FLO goods&services are de jure freeridable. That’s a feature. You record a song once and it can be enjoyed by millions of times. A dish at a restaurant doesn’t have the same property.
What we should build is a system that really respect the burden of generating outside money, digging ditches and such, for the working class. That’s why I put such an emphasis on trying to create a system where they, if they decide they want a particular FLO project to exist, only should have to pay as little as humanly possible for that project to exist.
Now, most “outside money” that exist come from the gambling halls of Wall Street and similar corrupt and gross shenanigans. Market capitalism’s two biggest bugs are externalities and exploitation and heaven knows that a lot of value is concentrated by those two mechanisms. That’s not a good thing and not something I want to depend on. I dig trying to fix that issue radically (for example favoring worker coops), or to trying to alleviate it via things like taxation or via really motivating donation schemes. And what’s the most motivating donation scheme? The one where you have to pay as little as possible but enough for the project to exist.
Some mechanims and systems can influence some people’s behavior to some extent some amount of the time. The “rules of the game” of the original snowdrift game is that the earlier you get out and dig the wetter, tireder, and miserabler you are gonna get, and the game theory is that that might influence some people into being less likely to go out early and shovel.
That is exactly the phenomenon that the original treshold pledge system (including, but not limited to, preshold) is designed to alleviate.
You sign up, but you don’t have to do any actual shoveling until there is enough sign-ups to clear that road.
So let’s try to apply that to a situation where “flexible funding” (or, as Erudition calls it, “half-assed funding”) for some reason would be desirable. (Now, I think I read somewhere there is a lot of data out there that shows that flexible funding campaigns are less successful compared to fixed threshold campaigns. But that kind of data-gathering isn’t my area of expertise exactly.)
You sign up to shovel one hour, but, if fewer people show up, you only have to shovel a few minutes. “Symbolically”…? Because you are making a significantly smaller dent in that road, Pareto style.
The purpose of share-the-burden is, of course, that you sign up to shovel one hour but if more people show up—enough people to really start working on that road!—you only have to shovel a few minutes.
You summoned me and, after catching up, I see that the opportunity to clarify the mechanisms in this level of detail is now, and that’s what I’m trying to do here.
All I’m saying is that if today someone could give me convincing info that crowdmatching would fail, we wouldn’t proceed.
I wouldn’t necessarily go that far. Testing things out can be valuable.
However, it’s better that I write about my thoughts and ideas and analyses now while I have them, rather than wait until I’ve forgotten them.
That can help you both with your “patching/tweaking crowdmatching” efforts (which I don’t support) and your “implementation of alternative (‘better’, in my mind) mechanisms” efforts. After all, a lot of the difficult implementiation work made would be similar. Handling payments is hard.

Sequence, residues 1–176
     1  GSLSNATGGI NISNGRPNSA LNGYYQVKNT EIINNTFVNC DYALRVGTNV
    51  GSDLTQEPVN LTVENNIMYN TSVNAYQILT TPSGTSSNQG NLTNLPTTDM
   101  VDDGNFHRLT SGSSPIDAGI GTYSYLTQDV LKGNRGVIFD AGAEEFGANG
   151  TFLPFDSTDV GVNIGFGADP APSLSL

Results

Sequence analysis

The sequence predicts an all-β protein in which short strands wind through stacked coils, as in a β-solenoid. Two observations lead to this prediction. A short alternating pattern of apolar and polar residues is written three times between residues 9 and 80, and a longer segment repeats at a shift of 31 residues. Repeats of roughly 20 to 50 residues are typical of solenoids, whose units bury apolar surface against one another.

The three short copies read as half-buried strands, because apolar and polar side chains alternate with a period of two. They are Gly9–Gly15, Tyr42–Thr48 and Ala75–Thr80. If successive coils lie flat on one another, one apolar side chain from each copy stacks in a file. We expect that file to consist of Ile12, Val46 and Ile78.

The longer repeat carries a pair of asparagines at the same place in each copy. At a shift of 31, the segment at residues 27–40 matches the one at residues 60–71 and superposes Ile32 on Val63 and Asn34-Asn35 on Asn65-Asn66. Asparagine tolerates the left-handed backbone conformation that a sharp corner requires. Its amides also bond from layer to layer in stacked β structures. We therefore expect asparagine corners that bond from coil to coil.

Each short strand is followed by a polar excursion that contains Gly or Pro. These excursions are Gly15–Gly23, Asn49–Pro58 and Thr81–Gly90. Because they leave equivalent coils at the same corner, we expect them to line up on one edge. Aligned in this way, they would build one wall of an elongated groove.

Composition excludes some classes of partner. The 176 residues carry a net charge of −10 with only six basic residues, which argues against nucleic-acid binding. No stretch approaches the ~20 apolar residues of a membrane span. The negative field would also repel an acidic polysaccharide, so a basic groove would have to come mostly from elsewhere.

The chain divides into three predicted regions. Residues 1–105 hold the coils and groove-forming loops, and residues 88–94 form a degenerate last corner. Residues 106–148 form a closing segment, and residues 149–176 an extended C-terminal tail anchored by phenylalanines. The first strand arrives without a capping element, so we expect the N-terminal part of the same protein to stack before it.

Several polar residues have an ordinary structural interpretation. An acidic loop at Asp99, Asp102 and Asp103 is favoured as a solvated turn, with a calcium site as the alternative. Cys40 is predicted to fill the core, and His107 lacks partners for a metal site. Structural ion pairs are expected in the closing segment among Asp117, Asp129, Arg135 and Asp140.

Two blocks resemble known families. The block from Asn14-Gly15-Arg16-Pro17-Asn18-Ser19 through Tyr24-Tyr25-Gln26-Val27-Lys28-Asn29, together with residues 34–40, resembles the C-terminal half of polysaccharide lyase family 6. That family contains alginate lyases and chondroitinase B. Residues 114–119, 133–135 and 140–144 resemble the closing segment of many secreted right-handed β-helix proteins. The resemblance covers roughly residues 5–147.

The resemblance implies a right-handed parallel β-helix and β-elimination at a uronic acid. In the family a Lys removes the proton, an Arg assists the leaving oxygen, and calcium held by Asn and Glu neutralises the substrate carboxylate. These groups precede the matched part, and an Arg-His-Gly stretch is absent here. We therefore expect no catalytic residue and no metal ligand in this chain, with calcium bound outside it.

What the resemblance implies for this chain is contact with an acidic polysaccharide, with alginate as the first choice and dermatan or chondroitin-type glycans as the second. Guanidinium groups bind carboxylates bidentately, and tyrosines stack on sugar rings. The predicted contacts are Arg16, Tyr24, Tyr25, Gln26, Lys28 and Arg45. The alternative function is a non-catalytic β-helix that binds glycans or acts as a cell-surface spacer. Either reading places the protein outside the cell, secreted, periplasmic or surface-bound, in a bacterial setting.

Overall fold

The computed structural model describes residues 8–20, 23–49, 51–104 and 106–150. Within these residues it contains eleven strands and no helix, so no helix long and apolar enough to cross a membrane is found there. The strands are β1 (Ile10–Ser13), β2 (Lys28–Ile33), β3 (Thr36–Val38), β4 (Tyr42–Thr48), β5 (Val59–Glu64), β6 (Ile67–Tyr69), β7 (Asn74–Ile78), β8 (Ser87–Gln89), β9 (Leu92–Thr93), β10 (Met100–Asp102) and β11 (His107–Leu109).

The reason I brought up the question of “what is fair” is not to put your values in that regard into question. I just want to establish the larger context here.
All throughout yesterday, and continuing here, you’re approach comes across “We have different stories in mind and if Sandra could only adjust her story in her head, we would agree”. Something I opened the door to by, on IRC, saying:
Talking to smichel17 and wolftune about it is interesting because there is this original seed of an idea, the eponymous “crowdmatching”, that I never got onboard with and you both are very committed to and it’s become a lens for you, something you want to apply to every other protocol.
I never bought into that idea in the first place.
So crowdmatching seems to be a for-its-own-sake motivated thing for you.
And now you are serving up my own medicine to me. That’s fair, but, it makes me realize that we’re not moving forward, which was my hope by opening up that avenue of reasoning.
As you try to associate crowdmatching into various narratives, such as “people who are currently not donating but could afford to donate would donate”, please don’t abbreviate the narratives by eliding other facts and consequences about crowdmatching.
On IRC, I wrote:
Isn’t it correct that the core pitch of crowdmatching is that N (N rather than X since N here is a non-static, variable number) people get together?
They all wanna donate $10, but, they pledge that the fewer they are, the more they will withhold.
As the group grows, the less of the $10 they will withhold.
[T]hat pitch certainly doesn’t get a “that’s right” from me. It’s definitely not the story in my head.
Is the issue that you hope that crowdmatching will motivate more people to join, or something else?
I think this is the key point of distinction. Crowdmatching is supposed to reach both freeriders and people who are currently not involved in the community. The N you discuss is real, but there are other groups that never considered themselves as a part of that group, but, we think, would join if provided the opportunity differently.
Anyhow, still split in many other places, but love seeing this active discussion and having everyone debate/question each others perspectives and assumptions. Thanks!
agreed there too!
That’s because it has no mutual assurance. If you pledge and nobody else does, you’re out 100% of your funds with nobody else helping.